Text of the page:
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  1. Will Drover, Jennifer Franczak & Richard F. Beltramini (2012). A 30-Year Historical Examination of Ethical Concerns Regarding Business Ethics: Who's Concerned? [REVIEW] Journal of Business Ethics 111 (4):431-438.
    Understanding the ethical attitudes and concerns of future business leaders has been the focus of increasing research attention. Largely, this is due to the influence of such perspectives, as it is these presently held ideologies that ultimately translate into the actions and behaviors of the forthcoming workforce. This research examines how such business-related ethicality perspectives have evolved by administering a nationwide survey that builds on two Journal of Business Ethics studies, Beltramini et al. (J Bus Ethics 3:195–200, 1984 ) and (...)
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  2. Richard F. Beltramini (2006). Consumer Believability of Information in Direct-to-Consumer (DTC) Advertising of Prescription Drugs. Journal of Business Ethics 63 (4):333 - 343.
    Direct to consumer (DTC) advertising has attracted significant research attention, yet none has focused on empirical assessments of its overall impact on U.S. consumers nationally, and tying assessment to relevant behavioral outcomes. This paper addresses the ethical issue of DTC advertising providing a balance of product and risk information that is both understandable and believable, and contributes direction to those exploring this phenomenon.
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  3. Richard F. Beltramini (2003). Advertising Ethics: The Ultimate Oxymoron? [REVIEW] Journal of Business Ethics 48 (3):215-216.
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  4. Richard F. Beltramini (2003). Application of the Unfairness Doctrine to Marketing Communications on the Internet. Journal of Business Ethics 42 (4):393 - 400.
    The increased usage of marketing communications on the internet has presented a number of significant business ethics issues. And, while regulatory agencies have increased their vigilance in protecting consumers from injury, the uniqueness of business via the internet has challenged these agencies to respond in evolving ways. This paper provides a brief overview of the application of the FTC''s lesser known unfairness doctrine as a potential framework for better understanding emerging privacy and e-commerce issues, and specific examples are provided for (...)
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  5. Richard F. Beltramini (1999). Believe It or Not: Advertising Ethics. Teaching Business Ethics 3 (4):399-400.
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  6. Robert A. Peterson, Richard F. Beltramini & George Kozmetsky (1991). Concerns of College Students Regarding Business Ethics: A Replication. [REVIEW] Journal of Business Ethics 10 (10):733 - 738.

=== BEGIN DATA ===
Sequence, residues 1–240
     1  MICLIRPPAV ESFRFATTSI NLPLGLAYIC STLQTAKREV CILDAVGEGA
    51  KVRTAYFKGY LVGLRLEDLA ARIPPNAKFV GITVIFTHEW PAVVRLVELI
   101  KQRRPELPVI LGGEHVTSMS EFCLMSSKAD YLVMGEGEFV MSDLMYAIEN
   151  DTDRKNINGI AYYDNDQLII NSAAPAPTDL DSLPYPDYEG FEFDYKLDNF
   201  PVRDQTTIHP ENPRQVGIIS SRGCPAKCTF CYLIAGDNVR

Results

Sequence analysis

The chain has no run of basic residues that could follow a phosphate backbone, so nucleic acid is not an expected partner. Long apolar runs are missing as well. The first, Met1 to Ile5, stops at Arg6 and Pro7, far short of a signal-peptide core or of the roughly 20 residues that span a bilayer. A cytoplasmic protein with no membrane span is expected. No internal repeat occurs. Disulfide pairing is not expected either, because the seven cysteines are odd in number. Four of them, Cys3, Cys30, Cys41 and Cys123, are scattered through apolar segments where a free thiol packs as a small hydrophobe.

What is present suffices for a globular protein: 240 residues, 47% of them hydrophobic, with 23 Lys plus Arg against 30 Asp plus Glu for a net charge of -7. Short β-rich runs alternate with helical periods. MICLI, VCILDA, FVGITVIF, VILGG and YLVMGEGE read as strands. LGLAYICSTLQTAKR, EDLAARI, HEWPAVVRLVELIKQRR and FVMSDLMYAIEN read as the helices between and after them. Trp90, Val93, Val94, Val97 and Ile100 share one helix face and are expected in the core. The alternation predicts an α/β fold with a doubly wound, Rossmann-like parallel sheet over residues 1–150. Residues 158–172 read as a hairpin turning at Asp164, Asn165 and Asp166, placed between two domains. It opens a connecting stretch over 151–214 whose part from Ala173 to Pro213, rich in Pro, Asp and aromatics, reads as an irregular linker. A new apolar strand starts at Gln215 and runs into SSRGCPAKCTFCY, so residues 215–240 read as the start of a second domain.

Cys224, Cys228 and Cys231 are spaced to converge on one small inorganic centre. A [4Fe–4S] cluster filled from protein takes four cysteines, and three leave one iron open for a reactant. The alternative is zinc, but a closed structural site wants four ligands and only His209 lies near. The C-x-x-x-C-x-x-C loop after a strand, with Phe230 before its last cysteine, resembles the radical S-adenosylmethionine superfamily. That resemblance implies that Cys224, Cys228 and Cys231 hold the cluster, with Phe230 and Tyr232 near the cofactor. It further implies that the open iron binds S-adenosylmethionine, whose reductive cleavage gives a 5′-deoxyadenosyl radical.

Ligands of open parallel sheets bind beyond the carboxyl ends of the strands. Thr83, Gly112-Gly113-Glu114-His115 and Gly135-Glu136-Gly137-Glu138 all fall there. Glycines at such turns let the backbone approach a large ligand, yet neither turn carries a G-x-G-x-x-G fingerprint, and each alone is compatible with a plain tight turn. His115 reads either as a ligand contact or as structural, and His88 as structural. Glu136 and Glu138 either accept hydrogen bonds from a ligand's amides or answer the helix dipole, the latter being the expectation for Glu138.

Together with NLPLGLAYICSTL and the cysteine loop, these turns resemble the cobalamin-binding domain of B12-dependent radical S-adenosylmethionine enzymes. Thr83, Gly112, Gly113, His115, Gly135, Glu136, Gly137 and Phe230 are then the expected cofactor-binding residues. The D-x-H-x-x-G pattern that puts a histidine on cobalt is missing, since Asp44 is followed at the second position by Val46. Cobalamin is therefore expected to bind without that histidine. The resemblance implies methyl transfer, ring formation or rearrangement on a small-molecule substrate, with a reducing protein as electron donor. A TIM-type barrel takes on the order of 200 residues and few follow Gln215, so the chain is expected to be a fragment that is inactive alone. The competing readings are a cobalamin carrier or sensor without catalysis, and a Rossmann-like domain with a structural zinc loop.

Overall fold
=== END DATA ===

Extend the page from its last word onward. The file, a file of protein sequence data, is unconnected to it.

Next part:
In 1984 we reported the results of surveying a nationwide sample of college students about selected business ethics issues. We concluded that (a) college students were in general concerned about the issues investigated and (b) female students were relatively more concerned than were male students. The present study replicated our earlier study and not only corroborated both of its conclusions, but also found a higher level of concern than had been observed previously.
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  7. Richard F. Beltramini (1986). Ethics and the Use of Competitive Information Acquisition Strategies. Journal of Business Ethics 5 (4):307 - 311.
    Several business trends have forced accelerated efforts to acquire competitive intelligence. While coverage of business ethics in classroom instruction has accelerated, concerns over unethical competitive information acquisition strategies persist. The frequency of use by individuals, their companies, and their competitors is assessed, and the findings reveal the extent of this ethics gap.
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  8. Richard F. Beltramini, Robert A. Peterson & George Kozmetsky (1984). Concerns of College Students Regarding Business Ethics. Journal of Business Ethics 3 (3):195 - 200.
    Although some attention has been devoted to assessing the attitudes and concerns of businesspeople toward ethics, relatively little attention has focused on the attitudes and concerns of tomorrow's business leaders, today's college students. In this investigation a national sample was utilized to study college students' attitudes toward business ethics, with the results being analyzed by academic classification, academic major, and sex. Results of the investigation indicate that college students are currently somewhat concerned about business ethics in general, and that female (...)
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